2015-02-12 / Top News

Empty Bowls will help fill the pantry at Palm Beach County Food Bank

Special to Florida Weekly

Evelyne Bates of Lighthouse ArtCenter designed these bowls with lace that had belonged to her grandmother. 
COURTESY PHOTO Evelyne Bates of Lighthouse ArtCenter designed these bowls with lace that had belonged to her grandmother. COURTESY PHOTO The rurally rooted idiom “Soup’s on!” will take on a more modern meaning this month during an event dubbed Empty Bowls Palm Beach County.

The food-themed fundraiser — formed to increase awareness of the fact that nearly 20 percent of the community suffers from hunger — will culminate Feb. 13 and 14 in a choreographed, communal meal. Supporters of the Palm Beach County Food Bank will sit down for a humbling lunch of soup and bread during the two days and reflect on those who go to bed each night with empty bowls.

“‘Eat simply so others may simply eat’ is sort of our tag line,” said Pat Reichenbacher, an Empty Bowls Palm Beach County project manager. “There’s something so special about raising money for the Food Bank. Ultimately, it is all about people caring for people.”

The startling statistics on the number of empty bowls in an area known as the Gold Coast will come to life through a display of 1,000 bowls created entirely by volunteers. Each luncheon guest gets to select a symbolic tureen to take home.

“It’s just a very magical experience,” Ms. Reichenbacher said. “It brings together the entire community.”

Since September, Lighthouse ArtCenter in Tequesta has welcomed anyone willing to get his or her hands dirty into its studios to mold clay.

Ms. Reichenbacher went to one of the workshops with a pair of 8-year-olds.

“We told them what it was for, and they put smiley faces on the bowls and hearts, and they wrote ‘I love you,’” she said. “It was amazing to see how much they cared.”

In addition to the workshops, painting nights took place to decorate the bowls. A one-day “throw-a-thon” saw students from Lighthouse ArtCenter spin 70 bowls on the wheel, and a one-day “bowl-athon” featured a community group that produced 100 more. Another 100 bowls came from a ceramics class at Jupiter Community High School.

Topping it all off, a team of 20 professional ceramists from around the county donated handcrafted artisan bowls that will sell at the event for $125.

Empty Bowls will take place Feb. 13 at The Episcopal Church of Bethesda-bythe Sea in Palm Beach and Feb. 14 at the Lake Pavilion on Flagler Drive in West Palm Beach. Tickets cost $25.

“Because the event is only $25, it does not exclude anyone,” Ms. Reichenbacher said. “Pretty much everyone can come and participate in helping to feed those in need.”

Chefs from 47 restaurants will make as many varieties of soups, and celebrity servers will ladle them into containers for guests to enjoy.

“We have 170 gallons of soup coming into West Palm,” said Melissa Sullivan, director of advancement at the Food Bank.

Old School Bakery in Delray Beach and Whole Foods Market in Wellington will donate the bread.

Last year, Empty Bowls raised $65,000 for the Food Bank, a nonprofit that distributes boxed and canned goods, as well as fresh produce, to more than 100 places of worship, social-services agencies and soup kitchens. The Food Bank operates on a $2 million annual budget, and every dollar it spends results in $6 worth of food for the poor, Executive Director Perry Borman said.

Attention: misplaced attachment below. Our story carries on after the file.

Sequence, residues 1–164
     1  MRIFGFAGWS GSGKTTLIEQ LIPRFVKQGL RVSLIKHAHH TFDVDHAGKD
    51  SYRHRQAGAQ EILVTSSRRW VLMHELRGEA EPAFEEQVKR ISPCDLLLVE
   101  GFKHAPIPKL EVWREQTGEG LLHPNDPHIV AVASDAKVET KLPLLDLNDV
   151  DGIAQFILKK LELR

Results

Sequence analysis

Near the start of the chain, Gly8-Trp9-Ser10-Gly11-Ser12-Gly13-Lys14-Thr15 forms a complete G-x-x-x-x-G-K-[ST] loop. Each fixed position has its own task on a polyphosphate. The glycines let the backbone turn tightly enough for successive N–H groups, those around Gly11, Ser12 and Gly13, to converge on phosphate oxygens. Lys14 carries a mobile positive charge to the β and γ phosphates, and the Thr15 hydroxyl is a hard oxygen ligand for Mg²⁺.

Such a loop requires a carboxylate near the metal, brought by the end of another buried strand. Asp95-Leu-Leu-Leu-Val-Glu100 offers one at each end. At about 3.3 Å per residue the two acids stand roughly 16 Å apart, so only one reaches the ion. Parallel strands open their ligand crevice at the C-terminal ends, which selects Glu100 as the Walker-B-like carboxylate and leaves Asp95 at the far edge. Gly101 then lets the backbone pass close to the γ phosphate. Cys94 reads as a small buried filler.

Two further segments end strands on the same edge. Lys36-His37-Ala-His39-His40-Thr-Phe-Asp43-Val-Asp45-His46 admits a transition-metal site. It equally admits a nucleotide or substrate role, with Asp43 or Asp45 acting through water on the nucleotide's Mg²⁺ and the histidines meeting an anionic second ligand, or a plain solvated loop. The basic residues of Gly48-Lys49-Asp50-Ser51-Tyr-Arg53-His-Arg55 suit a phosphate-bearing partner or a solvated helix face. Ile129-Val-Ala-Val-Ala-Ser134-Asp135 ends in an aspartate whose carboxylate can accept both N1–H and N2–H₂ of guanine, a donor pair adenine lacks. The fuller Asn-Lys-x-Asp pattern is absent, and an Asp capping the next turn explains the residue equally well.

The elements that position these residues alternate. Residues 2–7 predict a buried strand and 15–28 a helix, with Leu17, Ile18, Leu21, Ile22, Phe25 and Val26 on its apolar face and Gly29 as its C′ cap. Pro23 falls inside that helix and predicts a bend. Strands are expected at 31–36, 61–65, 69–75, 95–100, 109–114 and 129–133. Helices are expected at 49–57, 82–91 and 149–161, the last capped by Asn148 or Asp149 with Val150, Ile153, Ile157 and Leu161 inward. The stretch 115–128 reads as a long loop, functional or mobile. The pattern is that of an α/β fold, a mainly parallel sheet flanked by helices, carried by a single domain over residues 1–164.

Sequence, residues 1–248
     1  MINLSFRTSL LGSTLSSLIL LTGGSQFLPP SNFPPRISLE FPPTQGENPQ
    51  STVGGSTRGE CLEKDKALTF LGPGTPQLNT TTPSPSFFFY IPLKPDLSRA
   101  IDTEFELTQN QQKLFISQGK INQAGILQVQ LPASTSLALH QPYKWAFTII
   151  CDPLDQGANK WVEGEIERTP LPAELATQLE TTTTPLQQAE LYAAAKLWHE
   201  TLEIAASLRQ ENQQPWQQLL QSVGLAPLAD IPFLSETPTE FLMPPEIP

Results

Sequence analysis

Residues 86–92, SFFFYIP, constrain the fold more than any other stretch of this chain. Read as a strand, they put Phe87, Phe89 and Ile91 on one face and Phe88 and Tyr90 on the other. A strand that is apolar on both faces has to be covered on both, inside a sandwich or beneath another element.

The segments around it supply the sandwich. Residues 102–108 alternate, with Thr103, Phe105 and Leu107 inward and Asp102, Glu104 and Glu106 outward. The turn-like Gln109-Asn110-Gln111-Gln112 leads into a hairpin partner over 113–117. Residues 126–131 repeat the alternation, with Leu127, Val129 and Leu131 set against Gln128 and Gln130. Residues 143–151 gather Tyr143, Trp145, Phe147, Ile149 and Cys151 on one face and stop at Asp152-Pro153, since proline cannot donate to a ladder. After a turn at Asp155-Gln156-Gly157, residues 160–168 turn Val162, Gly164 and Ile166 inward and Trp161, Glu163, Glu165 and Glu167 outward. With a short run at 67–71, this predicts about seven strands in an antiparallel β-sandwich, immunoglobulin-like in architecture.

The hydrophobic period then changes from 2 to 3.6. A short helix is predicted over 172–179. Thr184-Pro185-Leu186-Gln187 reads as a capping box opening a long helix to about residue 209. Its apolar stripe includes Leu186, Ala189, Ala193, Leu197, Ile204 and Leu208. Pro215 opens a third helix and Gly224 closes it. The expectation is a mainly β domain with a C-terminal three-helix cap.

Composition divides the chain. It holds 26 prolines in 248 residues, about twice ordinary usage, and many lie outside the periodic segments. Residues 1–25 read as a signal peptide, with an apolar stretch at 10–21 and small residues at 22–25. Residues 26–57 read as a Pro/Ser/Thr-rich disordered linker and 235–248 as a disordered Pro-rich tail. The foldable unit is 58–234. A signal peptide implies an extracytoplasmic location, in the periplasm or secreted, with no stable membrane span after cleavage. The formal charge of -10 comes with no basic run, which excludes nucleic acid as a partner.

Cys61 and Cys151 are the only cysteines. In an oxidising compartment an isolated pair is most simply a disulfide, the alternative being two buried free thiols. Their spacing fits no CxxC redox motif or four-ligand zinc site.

“Everybody seems to be taking a great interest in participating in Empty Bowls,” Mr. Borman said. “Last year, one of the really cool things for me was Congressman Patrick Murphy, Congressman Ted Deutch and Mayor Jeri Muoio all serving soup at the same time. I thought that was just kind of neat.”

Mr. Borman praised Lighthouse Art- Center for turning the event into a grassroots effort, giving it the same flavor as the international movement that began in the ’90s to fight hunger worldwide.

“I think people will really appreciate this event,” he said. “The diversity of the kind of bowls being made is just fabulous.”

Cynthia Trone, Lighthouse ArtCenter’s director of education, said the challenges the six-month project presented did not outweigh the cause it supported.

“It really comes back to me — always — for the true need for the Palm Beach County Food Bank to raise this money,” Ms. Trone said. “That’s what it’s all about.”

Each of the 1,000 bowls underwent a multistep process to transform them from balls of clay into pieces of pottery, including bisque-firing to harden them, waxing to keep them from sticking to tables, glazing to give them color and shine and a second firing to dry the finish.

“It has been a monumental effort,” Ms. Trone said, noting each firing takes a minimum of 12 hours to complete. “It’s a lot of bowls. But I kind of knew that we could do it.”

Nearly every bowl made by volunteers — they ranged in age from 4 to 84 — will make it to the display table at the event.

“Even hand-built bowls that looked a little sorry, we used,” Ms. Trone said.

She plans to post a wall of names at both venues to recognize the 300-plus nonartists who donated their time to test their talent.

“I want people to have an idea of what a group effort it was and how many helped,” Ms. Trone said. “It is pretty amazing.” ¦

Return to top